The UN Sustainable Development Goals (SDGs) and ICTs in agriculture : Introduction

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The UN Sustainable Development Goals (SDGs) and ICTs in agriculture : Introduction

This introductory piece is part of a broader series of blogs that will look at the application of ICTs to the SDGs. The first blog introduces the SDGs and their conceptual framework and their integration to the agricultural domain - using the FAO mainstreaming of SDGs as an example. In the successive blogs, the role of ICTs within each of the SDGs (only those that apply to agriculture) will be highlighted focusing on each of the identified SDG goals and their targets. The purpose of this series is to explore how ICTs are used (and can be used) in enabling stakeholders in achieving these goals.  

Towards a better world: the SDGs

The Sustainable Development Goals (SDGs) are broader overarching development goals promulgated and adopted by the Head of State and Governments in September 2015 as global goals. The SDGs are officially known as transforming our world: the 2030 Agenda for Sustainable Development (The Future We Want) and are a set of 17 "Global Goals" with 169 targets between them.

These 17 goals are an attempt by the world leaders to end poverty, reduce inequalities and tackle climate change, amongst the many challenges the world is facing and to make the world a better place to live.

As a follow up to the SDGs, the United Nations Statistical Commission’s Interagency and Expert Group on SDG Indicators (IAEG-SDGs) agreed on 230 indicators to monitor the SDG’s 17 goals and the 69 targets.

The implementation of this global ambitious project did not come without teething challenges – for example getting the multi-stakeholder partnerships up and running is a mamoth task, redirecting focus from security issues to Sustainable Development is another challenge.

The following were identified as some of the environmental issues inhibiting the achievement of the SDGs - demographics in Africa; migration; slower and unequal economic growth and a vulnerable middle class.

The Sustainable Development Goals

Click the image below to learn more about each respective goal. The data below comes from the SDG Knowledge Platform which was designed to provide a specific information on each goal, its targets and resultant indicators. 

The SDGs, Food and Agriculture

Many governments and international institutions have realigned their goals or mainstreamed the SDGs with their respective mandates. This is the first step of ensuring that these institutions are in a position to contribute towards the achievement of these goals.

The SDGs and agriculture is fairly an unexplored topic, but when covered a number of institutions have mapped the respective goals to different agriculture. In this blog, l use the The Food and Agriculture Organization of the United Nations (FAO) as an example of an institution that has mainstreamed the SDGs to its work (atleast l am familiar with).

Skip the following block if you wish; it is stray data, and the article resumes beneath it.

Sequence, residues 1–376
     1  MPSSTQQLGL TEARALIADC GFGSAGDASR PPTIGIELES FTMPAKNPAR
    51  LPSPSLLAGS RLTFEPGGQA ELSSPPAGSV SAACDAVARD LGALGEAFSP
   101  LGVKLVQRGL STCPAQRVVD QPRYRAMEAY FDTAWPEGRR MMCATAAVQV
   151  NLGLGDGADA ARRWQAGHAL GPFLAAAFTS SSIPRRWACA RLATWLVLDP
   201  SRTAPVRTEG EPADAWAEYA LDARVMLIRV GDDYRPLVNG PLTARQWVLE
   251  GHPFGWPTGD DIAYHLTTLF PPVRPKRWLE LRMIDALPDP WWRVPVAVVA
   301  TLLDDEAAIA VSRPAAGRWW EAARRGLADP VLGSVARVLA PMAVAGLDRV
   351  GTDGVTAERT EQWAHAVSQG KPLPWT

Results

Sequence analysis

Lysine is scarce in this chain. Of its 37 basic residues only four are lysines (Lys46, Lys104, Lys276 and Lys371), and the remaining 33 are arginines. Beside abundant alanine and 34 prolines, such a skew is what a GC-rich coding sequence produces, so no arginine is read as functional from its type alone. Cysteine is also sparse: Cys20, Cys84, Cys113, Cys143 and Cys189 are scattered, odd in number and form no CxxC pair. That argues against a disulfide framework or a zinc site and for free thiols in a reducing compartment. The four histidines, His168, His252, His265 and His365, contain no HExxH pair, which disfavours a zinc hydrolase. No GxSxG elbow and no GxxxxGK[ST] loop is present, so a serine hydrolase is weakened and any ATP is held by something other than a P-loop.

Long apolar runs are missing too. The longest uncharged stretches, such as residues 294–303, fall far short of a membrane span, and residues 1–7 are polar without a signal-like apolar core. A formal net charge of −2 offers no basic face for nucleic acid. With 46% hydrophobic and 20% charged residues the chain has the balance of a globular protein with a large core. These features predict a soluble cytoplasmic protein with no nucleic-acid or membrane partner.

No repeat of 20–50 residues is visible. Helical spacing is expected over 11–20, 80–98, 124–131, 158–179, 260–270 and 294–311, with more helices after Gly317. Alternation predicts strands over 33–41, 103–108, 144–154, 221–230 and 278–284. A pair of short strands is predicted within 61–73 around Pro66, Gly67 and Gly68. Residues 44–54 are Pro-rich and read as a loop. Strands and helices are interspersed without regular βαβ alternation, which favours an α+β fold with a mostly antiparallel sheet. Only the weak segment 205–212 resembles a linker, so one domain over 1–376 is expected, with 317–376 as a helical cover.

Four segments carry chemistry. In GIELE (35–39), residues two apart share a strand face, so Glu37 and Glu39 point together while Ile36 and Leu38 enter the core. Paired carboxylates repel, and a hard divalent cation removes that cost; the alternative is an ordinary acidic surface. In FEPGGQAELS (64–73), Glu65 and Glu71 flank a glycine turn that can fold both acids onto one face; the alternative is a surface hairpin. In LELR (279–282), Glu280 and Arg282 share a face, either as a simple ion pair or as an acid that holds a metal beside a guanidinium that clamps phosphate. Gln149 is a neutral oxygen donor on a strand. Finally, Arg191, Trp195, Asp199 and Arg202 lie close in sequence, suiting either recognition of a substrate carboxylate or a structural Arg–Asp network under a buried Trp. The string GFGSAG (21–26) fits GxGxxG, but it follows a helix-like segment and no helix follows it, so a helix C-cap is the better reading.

FAO is ready to support countries and work alongside partners in achieving the Sustainable Development Goals within the agricultural domain.

In this regard, FAO is proposed as ‘custodian’ UN agency for 21 indicators, for SDGs 2,5,6,12,14 and 15 and as a contributing agency for four more. The responsibility of FAO is stated on the dedicated website:-

  • Collecting data from national sources, validating and harmonizing them, estimating regional and global aggregates and making them available for international reporting.
  • Contributing to annual SDG progress reports, feeding into the High-Level Political Forum’s follow-up and review processes. Flagship publications are set to broaden their scope to include both a storyline and statistical annexes on relevant SDG indicators under FAO custodianship.
  • Establishing partnerships with other international agencies to monitor the increased number of indicators, crucial to achieving interrelated goals. – (FAO, 2017)

FAO supports its member countries to achieve the SDGs through the alignment of its Strategic Objective results framework (SO) and programmes to the SDG framework, and through statistical methods and capacity development to support the establishment and monitoring of national indicators related to food security and sustainable agriculture. 

To this end, FAO analysed the full set of 169 targets and 230 indicators for the 17 SDGs to ensure that the set of SDG targets and indicators eventually incorporated in the SO results framework were those where FAO could provide support to countries through the SO programmes. 

The FAO StrategicObjectives

FAO has mapped the SDGs to its Strategic framework -the specific objectives are:

Information and Communication Technologies (ICTs) and the SDGs

Information and Communication Technologies (ICTs) play a vital role in many sectors including agriculture. There is a debate on whether ICTs are enablers of sustainable development, one camp is for while the other vigorously highlight the ICTs negatives. However, ICTs have changed the business is done as their contribution to development is well documented.

The International Telecommunications Union (ITU) acknowledges that the spread of ICTs and the global connectivity has a great potential to accelerate human  development. The works of ICTs have acknowledged that ICTs are already empowering billions of individuals around the world in many ways through facilitating access to education, health care (e-health), mobile banking, e-government and social media. A literature search reveals great works in ICTs and development. These works include:-

Nevertheless, there is not yet any specific works that focuses on ICTs and agriculture besides the linking WSIS Action Lines with SDGs with the e-Agriculture action line. The successive blogs will delve 'a-piece-a-piece' into the respective SDGs goals identified for agriculture.

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